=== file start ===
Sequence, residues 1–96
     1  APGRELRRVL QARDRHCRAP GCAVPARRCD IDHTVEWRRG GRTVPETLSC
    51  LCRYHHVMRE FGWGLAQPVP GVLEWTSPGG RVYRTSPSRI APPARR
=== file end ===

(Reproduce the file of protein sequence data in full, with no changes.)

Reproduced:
Sequence, residues 1–96
     1  APGRELRRVL QARDRHCRAP GCAVPARRCD IDHTVEWRRG GRTVPETLSC
    51  LCRYHHVMRE FGWGLAQPVP GVLEWTSPGG RVYRTSPSRI APPARR